THE MASONRY MONTHLY
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HOW’S THAT FOR ODDS? REGGIE ‘MR. OCTOBER’ JACKSON’S LEGENDARY GAME “I feel that the most important requirement in success is learning to overcome failure. You must learn to tolerate it, but never accept it.” –Reggie Jackson
S ome people shine brightest in the spotlight. When put to the test, they deliver every time. Baseball Hall of Famer Reggie Jackson is one of those people. During the sixth game of the 1977 World Series, Jackson hit three home runs in a row, securing the Yankees’ victory over the Dodgers and winning them their 21st World Series title. The legendary playoff game also earned Jackson the nickname “Mr. October,” which has stuck to this day. Like many stories of greatness, Jackson’s featured a lot of hard work behind the scenes. He dedicated himself to his sport and constantly worked to improve his play. Growing up, Jackson played baseball, basketball, and football and excelled at all three, though football was his strong suit. He was scouted and given opportunities to go pro straight out of high school, but, on the advice of his father, he went to college on a football scholarship. Thanks to a $5 bet, he tried out for the baseball team at Arizona State University and made it. Jackson was the first black person on the team, and, even though he experienced discrimination, he never let it stop him.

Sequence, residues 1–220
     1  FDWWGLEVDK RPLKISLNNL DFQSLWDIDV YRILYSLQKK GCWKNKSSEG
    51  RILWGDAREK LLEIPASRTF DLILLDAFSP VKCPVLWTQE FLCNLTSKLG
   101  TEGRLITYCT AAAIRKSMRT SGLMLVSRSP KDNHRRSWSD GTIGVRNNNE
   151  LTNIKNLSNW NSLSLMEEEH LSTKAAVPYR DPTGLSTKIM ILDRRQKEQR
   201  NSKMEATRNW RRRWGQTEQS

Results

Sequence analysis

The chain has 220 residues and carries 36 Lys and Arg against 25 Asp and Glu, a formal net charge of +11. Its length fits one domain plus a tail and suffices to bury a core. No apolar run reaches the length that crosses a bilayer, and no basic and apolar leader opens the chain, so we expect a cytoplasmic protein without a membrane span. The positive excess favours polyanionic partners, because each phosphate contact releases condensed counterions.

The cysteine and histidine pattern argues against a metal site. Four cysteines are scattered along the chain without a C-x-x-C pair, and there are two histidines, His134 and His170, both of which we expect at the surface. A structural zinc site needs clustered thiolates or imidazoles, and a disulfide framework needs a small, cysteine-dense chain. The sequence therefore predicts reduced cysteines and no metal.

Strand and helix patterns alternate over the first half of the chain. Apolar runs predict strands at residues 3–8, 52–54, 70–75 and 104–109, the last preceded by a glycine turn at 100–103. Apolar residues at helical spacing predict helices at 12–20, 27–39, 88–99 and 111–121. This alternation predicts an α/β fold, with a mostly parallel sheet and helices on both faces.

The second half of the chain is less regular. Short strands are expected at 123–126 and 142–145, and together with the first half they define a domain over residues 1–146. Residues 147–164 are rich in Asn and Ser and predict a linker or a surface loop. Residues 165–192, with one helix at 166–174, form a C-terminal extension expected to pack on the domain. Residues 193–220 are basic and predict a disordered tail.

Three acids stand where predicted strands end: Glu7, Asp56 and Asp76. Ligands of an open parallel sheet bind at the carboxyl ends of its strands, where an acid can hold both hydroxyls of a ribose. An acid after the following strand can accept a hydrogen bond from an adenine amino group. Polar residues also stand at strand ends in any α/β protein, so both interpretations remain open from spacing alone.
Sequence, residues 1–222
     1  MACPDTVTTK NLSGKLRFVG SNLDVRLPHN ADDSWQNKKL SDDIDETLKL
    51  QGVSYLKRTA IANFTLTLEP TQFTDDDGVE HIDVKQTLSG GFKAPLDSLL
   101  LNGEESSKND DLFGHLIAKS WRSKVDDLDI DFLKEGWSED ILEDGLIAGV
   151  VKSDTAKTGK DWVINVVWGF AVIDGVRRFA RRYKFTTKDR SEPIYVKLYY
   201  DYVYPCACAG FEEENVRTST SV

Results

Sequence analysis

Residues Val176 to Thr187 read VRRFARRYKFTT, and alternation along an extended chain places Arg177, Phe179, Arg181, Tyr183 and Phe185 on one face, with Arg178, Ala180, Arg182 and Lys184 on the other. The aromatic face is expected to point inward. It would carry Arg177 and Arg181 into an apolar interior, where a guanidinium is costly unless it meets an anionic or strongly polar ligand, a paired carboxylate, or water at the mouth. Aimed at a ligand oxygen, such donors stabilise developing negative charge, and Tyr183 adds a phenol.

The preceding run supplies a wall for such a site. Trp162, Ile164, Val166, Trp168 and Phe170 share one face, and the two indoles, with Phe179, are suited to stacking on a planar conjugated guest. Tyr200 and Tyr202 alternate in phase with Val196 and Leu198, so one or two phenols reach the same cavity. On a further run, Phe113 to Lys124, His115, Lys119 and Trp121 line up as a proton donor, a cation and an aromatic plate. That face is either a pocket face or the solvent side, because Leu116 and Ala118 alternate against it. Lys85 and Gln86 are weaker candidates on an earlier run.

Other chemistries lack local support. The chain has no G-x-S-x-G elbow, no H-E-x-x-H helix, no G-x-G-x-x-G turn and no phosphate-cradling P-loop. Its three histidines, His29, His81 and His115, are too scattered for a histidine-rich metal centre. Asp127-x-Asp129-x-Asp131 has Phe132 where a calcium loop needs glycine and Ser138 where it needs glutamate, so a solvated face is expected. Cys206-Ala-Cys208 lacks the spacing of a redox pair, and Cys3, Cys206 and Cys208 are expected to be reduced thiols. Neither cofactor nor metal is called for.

From the minor leagues into the majors, Jackson’s ambition got him through many tough times, as did the constant support of his father and of Oakland A’s manager John McNamara. Jackson always dreamed of playing for New York, and, eventually, his dream came true when he signed with the New York Yankees in 1976. To this day, Jackson holds many prominent records, including being the first player to earn more than 100 home runs for three different teams (the A’s, Yankees, and Angels). He even has his own candy bar, the “Reggie! Bar,” which debuted during a Yankees game in 1978. Let’s see if any of this year’s playoff games stir up as much excitement as Reggie Jackson’s did in his heyday.
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